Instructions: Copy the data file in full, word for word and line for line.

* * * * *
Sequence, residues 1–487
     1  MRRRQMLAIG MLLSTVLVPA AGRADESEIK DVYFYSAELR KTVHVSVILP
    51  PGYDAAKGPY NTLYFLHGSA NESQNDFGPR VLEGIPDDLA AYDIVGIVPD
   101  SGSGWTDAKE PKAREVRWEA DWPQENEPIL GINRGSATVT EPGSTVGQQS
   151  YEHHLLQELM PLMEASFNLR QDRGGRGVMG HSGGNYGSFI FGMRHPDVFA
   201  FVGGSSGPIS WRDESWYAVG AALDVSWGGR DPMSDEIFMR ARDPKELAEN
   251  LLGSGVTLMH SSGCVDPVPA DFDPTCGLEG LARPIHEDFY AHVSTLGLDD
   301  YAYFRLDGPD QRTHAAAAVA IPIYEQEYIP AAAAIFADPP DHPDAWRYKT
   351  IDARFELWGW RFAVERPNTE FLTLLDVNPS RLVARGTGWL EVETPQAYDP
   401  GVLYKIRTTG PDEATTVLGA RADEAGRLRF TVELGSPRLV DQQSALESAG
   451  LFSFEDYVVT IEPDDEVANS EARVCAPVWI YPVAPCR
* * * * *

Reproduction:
Sequence, residues 1–487
     1  MRRRQMLAIG MLLSTVLVPA AGRADESEIK DVYFYSAELR KTVHVSVILP
    51  PGYDAAKGPY NTLYFLHGSA NESQNDFGPR VLEGIPDDLA AYDIVGIVPD
   101  SGSGWTDAKE PKAREVRWEA DWPQENEPIL GINRGSATVT EPGSTVGQQS
   151  YEHHLLQELM PLMEASFNLR QDRGGRGVMG HSGGNYGSFI FGMRHPDVFA
   201  FVGGSSGPIS WRDESWYAVG AALDVSWGGR DPMSDEIFMR ARDPKELAEN
   251  LLGSGVTLMH SSGCVDPVPA DFDPTCGLEG LARPIHEDFY AHVSTLGLDD
   301  YAYFRLDGPD QRTHAAAAVA IPIYEQEYIP AAAAIFADPP DHPDAWRYKT
   351  IDARFELWGW RFAVERPNTE FLTLLDVNPS RLVARGTGWL EVETPQAYDP
   401  GVLYKIRTTG PDEATTVLGA RADEAGRLRF TVELGSPRLV DQQSALESAG
   451  LFSFEDYVVT IEPDDEVANS EARVCAPVWI YPVAPCR